Antihypertensives associated with lower dialysis risk for patients with advanced CKD

December 16, 2013

Patients with stable hypertension and the most advanced stage of chronic kidney disease (CKD) before dialysis appeared to have a lower risk for long-term dialysis or death if they were treated with the antihypertensive drugs known as angiotensin-converting enzyme inhibitors (ACEIs) or angiotensin II receptor blockers (ARBs), according to a study published by JAMA Internal Medicine.

An ACEI or ARB is known to delay the progression of CKD in with and without diabetes, particularly in those patients with mild to moderate . But most large clinical trials of ACEI/ARB exclude patients with the most of CKD predialysis, perhaps out of concern that the drugs can cause renal failure and the need for dialysis, so it remains unclear whether that therapy is effective in patients with advanced CKD, according to the study background.

Researchers in Taiwan examined the association between ACEI/ARB use and the risk of long-term dialysis and death in a nationwide group of 28,497 patients in a study by Ta-Wei Hsu, M.D., of the National Yang-Ming University Hospital, and colleagues. The patients had the most advanced predialysis stage of CKD, hypertension and anemia.

During a median follow-up of seven months, 20,152 patients (70.7 percent) required long-term dialysis and 5,696 (20 percent) died before progressing to ESRD (end-stage ). Study findings indicate that treatment with ACEIs/ARBs in patients with stable and advanced CKD was associated with a lower risk for long-term dialysis or death by 6 percent.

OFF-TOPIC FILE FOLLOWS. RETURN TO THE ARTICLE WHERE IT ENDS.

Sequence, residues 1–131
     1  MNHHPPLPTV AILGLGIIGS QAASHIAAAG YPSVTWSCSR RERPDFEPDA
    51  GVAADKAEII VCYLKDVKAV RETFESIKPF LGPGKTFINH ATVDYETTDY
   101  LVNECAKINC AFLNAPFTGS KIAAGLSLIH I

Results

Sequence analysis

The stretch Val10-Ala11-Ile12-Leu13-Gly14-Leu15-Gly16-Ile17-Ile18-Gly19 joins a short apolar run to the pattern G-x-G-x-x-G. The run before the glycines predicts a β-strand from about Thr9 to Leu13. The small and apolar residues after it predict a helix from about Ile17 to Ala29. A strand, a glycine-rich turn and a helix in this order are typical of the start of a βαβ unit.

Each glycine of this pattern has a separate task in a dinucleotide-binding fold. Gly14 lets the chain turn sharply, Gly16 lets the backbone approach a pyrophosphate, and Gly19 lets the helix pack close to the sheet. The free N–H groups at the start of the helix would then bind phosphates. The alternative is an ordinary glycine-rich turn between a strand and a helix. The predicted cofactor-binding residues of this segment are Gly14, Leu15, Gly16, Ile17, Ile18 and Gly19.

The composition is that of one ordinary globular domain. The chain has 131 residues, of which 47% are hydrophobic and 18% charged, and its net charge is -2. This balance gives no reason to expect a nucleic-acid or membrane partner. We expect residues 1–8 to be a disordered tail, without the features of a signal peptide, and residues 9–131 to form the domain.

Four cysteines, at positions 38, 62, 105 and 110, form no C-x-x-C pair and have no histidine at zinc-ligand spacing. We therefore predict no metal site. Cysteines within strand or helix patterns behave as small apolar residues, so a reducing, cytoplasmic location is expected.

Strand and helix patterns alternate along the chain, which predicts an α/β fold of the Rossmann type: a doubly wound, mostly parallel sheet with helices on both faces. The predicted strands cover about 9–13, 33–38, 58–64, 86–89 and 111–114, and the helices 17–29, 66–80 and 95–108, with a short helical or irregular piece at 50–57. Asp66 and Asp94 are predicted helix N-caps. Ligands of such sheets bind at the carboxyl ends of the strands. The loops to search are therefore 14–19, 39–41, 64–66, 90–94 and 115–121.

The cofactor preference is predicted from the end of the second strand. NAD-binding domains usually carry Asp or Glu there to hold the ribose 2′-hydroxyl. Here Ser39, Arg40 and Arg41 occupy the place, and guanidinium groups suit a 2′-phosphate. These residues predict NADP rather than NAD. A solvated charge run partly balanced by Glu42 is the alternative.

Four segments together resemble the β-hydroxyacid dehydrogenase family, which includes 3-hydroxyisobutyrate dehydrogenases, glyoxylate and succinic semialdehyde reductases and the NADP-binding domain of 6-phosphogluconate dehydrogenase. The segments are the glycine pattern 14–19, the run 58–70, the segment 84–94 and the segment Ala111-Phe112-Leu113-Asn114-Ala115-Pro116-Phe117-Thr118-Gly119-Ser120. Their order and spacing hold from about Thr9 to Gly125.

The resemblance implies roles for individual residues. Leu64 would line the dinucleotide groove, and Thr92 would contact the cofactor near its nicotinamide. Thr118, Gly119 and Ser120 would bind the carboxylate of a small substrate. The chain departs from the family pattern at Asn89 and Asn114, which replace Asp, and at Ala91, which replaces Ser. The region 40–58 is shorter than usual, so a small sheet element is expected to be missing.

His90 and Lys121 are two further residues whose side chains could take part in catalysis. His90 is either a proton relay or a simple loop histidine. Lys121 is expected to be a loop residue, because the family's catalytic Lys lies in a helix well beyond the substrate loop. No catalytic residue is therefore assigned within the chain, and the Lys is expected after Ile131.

"In conclusion, our findings expand the existing knowledge in the field and provide clinicians with new information," the authors conclude.

In a related commentary, Meyeon Park, M.D., M.A.S., and Chi-yuan Hsu, M.D., M.Sc., of the University of California, San Francisco, write: "In the treatment of patients with advanced (CKD) … a paramount goal is preventing or retarding progression to end-stage renal disease and the requirement of dialysis."

"However, the use of ACEIs or ARBs in advanced CKD remains uncertain. This important clinical question is the subject of a new study by Hsu and colleagues," the authors continue. "Overall, the study by Hsu and colleagues makes an important contribution to the literature."

Explore further: Healthy diet, moderate alcohol linked with decreased risk of kidney disease in patient with diabetes

More information: JAMA Intern Med. Published online December 16, 2013. DOI: 10.1001/jamainternmed.2013.12700
JAMA Intern Med. Published online December 16, 2013. DOI: 10.1001/jamainternmed.2013.12176

Related Stories

New innovations in clinical science

November 9, 2013

A variety of recent studies highlight new and innovative research efforts that could help improve individuals' kidney health. Below are the findings of some of these studies, which are being presented at ASN Kidney Week 2013 ...

Wider statin use recommended for chronic kidney disease

December 10, 2013

(HealthDay)—New guidelines for lipid management in chronic kidney disease (CKD) recommend wider statin use, according to a clinical practice guideline published online Dec. 10 in the Annals of Internal Medicine.

Recommended for you

Cellphone data can track infectious diseases

August 20, 2015

Tracking mobile phone data is often associated with privacy issues, but these vast datasets could be the key to understanding how infectious diseases are spread seasonally, according to a study published in the Proceedings ...

0 comments

Please sign in to add a comment. Registration is free, and takes less than a minute. Read more

Click here to reset your password.
Sign in to get notified via email when new comments are made.